Particles of sand tore through Eyo, robbed of their power to harm her. But she cartwheeled through the air without any sense of up or down, left or right; there was only forward, borne along on the ever-changing currents. Backward did not exist at all. In the face of such fury, even the thought was impossible.
She could not fight the wind, any more than she had been able to withstand it before. In order to survive, she had to join with it. And in order to win passage through, she had to ride the torrent.
Forward, forward, always forward, swirling and veering and tearing across a landscape she knew only from her grandparents’ stories. Everything was worn down by the constant friction of the sand, rounding into smooth shapes she could barely identify. Then it would all vanish, as she arced upward and away and lost track of where she was.
But gradually she learned.
And even more gradually, she began to work her way toward her goal.
It was slow progress. Sometimes she wound up further away than before, her own strength nothing against the power of the storm. But Eyo had learned patience, in her years of trying to enter Oneua. She simply rode the winds away, then came back for another pass. She found spaces between the crumbling buildings where the fury was quieter. She mapped out the vortices where everything became chaos, and found there was pattern within it after all.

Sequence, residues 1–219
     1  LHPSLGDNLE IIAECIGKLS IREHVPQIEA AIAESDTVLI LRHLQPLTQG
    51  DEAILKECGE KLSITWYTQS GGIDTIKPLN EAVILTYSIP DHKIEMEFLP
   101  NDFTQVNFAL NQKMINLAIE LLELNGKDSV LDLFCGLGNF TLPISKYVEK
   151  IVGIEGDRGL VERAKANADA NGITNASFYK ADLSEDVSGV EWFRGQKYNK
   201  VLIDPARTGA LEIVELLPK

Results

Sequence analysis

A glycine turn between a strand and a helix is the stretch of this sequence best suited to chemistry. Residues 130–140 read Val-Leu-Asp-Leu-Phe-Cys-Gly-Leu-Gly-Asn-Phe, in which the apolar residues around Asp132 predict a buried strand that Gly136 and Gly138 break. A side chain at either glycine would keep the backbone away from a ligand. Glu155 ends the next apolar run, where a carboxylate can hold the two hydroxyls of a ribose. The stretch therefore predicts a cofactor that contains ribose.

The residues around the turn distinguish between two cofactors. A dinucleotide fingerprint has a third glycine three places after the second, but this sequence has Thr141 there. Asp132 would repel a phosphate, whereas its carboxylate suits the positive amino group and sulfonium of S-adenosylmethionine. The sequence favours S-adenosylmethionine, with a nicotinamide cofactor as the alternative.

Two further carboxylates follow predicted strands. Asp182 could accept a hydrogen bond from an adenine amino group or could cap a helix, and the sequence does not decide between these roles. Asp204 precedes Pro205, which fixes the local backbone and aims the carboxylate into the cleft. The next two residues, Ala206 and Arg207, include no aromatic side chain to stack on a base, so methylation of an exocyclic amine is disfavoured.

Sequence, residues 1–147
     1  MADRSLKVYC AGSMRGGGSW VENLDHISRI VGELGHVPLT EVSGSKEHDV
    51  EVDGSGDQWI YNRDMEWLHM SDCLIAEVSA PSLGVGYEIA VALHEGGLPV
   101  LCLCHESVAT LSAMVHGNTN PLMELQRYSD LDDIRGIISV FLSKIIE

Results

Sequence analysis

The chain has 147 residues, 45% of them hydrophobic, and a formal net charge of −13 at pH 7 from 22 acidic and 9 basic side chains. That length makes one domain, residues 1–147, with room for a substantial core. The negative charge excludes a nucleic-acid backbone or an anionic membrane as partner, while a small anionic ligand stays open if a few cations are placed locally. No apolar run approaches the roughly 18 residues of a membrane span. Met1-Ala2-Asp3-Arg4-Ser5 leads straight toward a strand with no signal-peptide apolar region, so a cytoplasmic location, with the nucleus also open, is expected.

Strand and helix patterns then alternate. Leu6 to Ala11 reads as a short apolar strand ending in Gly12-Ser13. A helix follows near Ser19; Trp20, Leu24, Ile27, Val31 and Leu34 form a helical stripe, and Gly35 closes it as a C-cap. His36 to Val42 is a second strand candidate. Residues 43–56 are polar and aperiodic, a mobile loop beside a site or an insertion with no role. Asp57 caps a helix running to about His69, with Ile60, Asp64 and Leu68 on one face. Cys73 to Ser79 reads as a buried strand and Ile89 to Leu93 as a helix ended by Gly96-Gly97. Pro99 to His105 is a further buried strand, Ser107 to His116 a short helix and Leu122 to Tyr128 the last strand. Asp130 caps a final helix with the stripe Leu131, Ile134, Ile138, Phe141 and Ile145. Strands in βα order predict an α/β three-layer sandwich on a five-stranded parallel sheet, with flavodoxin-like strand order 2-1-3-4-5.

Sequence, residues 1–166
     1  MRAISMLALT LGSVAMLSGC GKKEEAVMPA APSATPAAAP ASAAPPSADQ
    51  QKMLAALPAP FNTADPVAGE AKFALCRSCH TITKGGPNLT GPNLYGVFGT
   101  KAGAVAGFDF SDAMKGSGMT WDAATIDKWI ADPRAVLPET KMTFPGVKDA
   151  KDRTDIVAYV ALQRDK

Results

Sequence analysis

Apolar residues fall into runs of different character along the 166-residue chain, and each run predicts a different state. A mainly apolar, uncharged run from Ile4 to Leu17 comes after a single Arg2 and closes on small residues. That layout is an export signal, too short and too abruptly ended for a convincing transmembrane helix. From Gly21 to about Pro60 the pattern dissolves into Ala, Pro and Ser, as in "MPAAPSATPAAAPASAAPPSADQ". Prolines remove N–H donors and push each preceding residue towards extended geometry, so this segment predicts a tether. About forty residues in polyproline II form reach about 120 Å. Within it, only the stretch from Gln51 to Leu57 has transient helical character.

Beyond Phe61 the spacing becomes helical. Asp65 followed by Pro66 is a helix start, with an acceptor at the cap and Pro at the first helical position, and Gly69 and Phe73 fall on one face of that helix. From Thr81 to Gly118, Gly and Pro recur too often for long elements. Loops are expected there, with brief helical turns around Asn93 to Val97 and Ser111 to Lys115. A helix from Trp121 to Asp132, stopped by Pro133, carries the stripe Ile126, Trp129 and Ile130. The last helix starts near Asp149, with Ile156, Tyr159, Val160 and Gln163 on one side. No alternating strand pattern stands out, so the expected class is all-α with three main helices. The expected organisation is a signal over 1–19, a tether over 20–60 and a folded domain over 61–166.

And then, one night when both of Oneua’s suns had set, she slipped inside the hollow wreck of a building whose sand-scoured walls still bore the unmistakable tint of green jade.
The winds had broken open doors, windows, roofs. But not floors, not yet — and in here, where only a portion of the storm could reign, Eyo’s hard-won skill bore fruit. In a single instinctive movement she was across the entry chamber, into the inner room, at the entrance to a spiral staircase winding downward. The storm itself aided her now, dragging her down that spiral, but she almost missed the opening at the bottom, flinging her insubstantial form through it by the narrowest of margins.